Airbus unveils Pop.Up passenger drone in Geneva

Airbus unveils Pop.Up passenger drone in Geneva

Pop.Up drone

Airliner manufacturer Airbus has launched its concept for a passenger drone capable of morphing into a car at the Geneva Motor Show.

The conceptual model, titled the Pop.Up, envisions a transport option made up of a 2.5m x 1.4m x 1.5m pod. The capsule can both attach to a chassis on roads to transform into a two-seater electric car, and detach from the chassis to be picked up by an airborne drone.

The artificial-intelligence-powered transport has been deemed a solution to congestion on major city roads, with Airbus promising it will provide a “seamless travel experience”.

“Pop.Up envisages a modular system for multi-modal transportation that makes full use of both ground and airspace,” said the Airbus press release accompanying the design.

“With traffic congestion projected to hugely increase by 2030, the companies decided to combine their engineering expertise to tackle how to best achieve a sustainable, modular and multimodal urban mobility system.”

Airbus stated that they intended the Artificial Intelligence system be controlled through a smartphone app. Passengers would plan out their journey in the app, and the Pop.Up would provide the best solution by joining either the airborne or ground-based module. It would also be responsive to the needs and preferences of the passenger as indicated.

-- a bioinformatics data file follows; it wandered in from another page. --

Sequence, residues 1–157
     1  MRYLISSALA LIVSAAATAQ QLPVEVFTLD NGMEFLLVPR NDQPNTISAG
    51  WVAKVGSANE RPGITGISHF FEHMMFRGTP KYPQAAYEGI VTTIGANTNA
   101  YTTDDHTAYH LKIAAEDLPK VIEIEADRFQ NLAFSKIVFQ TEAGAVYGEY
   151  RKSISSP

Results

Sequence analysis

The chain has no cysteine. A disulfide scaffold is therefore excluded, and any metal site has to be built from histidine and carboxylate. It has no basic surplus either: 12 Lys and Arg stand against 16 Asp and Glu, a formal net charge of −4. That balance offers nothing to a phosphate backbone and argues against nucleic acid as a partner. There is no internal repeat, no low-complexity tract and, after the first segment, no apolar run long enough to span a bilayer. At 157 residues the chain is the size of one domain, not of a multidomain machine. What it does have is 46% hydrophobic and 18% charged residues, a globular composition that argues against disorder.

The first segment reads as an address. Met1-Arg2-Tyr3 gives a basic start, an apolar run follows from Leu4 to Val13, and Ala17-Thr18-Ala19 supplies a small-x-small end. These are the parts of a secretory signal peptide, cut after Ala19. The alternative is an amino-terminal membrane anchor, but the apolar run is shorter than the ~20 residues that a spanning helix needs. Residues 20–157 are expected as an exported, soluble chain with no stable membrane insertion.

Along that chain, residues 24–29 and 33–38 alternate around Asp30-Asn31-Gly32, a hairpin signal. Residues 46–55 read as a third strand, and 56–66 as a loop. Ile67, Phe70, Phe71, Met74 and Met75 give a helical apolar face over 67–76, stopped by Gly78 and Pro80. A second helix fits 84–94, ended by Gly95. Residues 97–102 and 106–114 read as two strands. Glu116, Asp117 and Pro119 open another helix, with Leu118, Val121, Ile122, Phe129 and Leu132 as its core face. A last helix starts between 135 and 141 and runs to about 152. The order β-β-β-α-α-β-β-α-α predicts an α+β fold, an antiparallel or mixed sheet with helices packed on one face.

There is no indication that this concept will come to fruition any time soon, and proposed features like zero-emission motors are still problems that need to be solved before this can be considered a possibility. The range of the motor has also been highlighted as a development point by Airbus, saying that the road chassis is only capable of a 100km journey on a single charge, without the pod attached. Longevity issues will obviously be a stumbling block to pass in the hypothetical manufacture of the system.

Airbus has placed no time frame on the project, while it focuses currently on its plans for an electric, single-passenger aircraft as part of its Project Vahana.